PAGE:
7. Runoff and Water Erosion

Having considered the process of infiltration in the prior chapter, we are now ready to move to the next processes in the soil water balance—the interconnected processes of runoff and water erosion (Fig. 7‑1).


Fig. 7‑1. The processes of the soil water balance (left side) and the land surface energy balance (right side). Source: European Space Agency (link).

At the outset, it may be helpful to consider the value question: is runoff a good thing or a bad thing? The answer depends on the context. For example, runoff from cropland is typically undesirable because it results in reduced water availability for the crop, erosion of fertile topsoil, and pollution of surface water bodies with sediment, phosphorus, and other contaminants (Fig. 7‑2). In contrast, runoff from uncultivated or impervious areas can sometimes be beneficial when captured and stored for later use. Such water harvesting strategies may be key solutions to meeting critical water challenges in developing regions such as sub-Saharan Africa [1] and even in major metropolitan areas like Sydney, Australia, located in arid or semi-arid regions of developed nations [2]. Runoff is also one of the main sources of water to surface water bodies, so any soil or water management practices that influence runoff are likely to influence surface water quantity and quality.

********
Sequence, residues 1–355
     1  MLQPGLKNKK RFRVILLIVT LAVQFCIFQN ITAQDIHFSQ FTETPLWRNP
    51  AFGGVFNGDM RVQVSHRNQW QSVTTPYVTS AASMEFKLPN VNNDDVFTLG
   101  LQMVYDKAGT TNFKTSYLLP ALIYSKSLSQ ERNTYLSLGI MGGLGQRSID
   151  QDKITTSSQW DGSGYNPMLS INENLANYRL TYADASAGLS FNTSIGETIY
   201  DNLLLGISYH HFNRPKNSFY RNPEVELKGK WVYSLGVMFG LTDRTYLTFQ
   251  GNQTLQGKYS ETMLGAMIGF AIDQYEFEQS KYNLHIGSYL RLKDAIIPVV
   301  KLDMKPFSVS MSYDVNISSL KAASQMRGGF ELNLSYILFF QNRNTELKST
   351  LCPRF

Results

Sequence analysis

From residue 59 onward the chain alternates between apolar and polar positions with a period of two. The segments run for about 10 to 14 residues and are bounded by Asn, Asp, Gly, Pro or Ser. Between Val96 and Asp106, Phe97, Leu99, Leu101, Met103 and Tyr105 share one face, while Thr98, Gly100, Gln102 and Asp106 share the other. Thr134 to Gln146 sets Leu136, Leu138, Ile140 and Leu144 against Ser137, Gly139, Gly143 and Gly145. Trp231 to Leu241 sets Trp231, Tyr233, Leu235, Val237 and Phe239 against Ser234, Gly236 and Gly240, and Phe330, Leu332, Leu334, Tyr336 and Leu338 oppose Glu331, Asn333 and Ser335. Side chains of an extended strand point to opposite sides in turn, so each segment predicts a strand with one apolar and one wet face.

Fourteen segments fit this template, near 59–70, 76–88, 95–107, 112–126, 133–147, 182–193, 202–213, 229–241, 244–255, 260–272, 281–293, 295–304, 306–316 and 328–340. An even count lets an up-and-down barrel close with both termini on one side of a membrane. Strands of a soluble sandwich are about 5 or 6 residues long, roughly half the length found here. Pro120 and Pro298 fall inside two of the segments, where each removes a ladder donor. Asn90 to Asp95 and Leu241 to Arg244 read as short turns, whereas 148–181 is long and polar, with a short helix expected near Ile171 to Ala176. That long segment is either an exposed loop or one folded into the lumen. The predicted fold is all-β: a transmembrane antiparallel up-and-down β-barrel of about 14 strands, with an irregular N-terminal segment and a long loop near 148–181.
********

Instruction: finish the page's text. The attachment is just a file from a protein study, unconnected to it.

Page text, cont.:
Fig. 7‑2. Runoff and water erosion from this corn (maize) field in Iowa, USA, has harmful onsite and offsite effects (left). The water in this runoff-harvesting pit in Uganda is used to irrigate bananas, cassava, corn, and vegetables (right). Photo credits:  Lynn Betts, USDA NRCS (link) and Matilda Nakawungu, Global Water Initiative – East Africa (link).


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Rain or Shine by Tyson Oschner is licensed under a Creative Commons Attribution 4.0 International License, except where otherwise noted.

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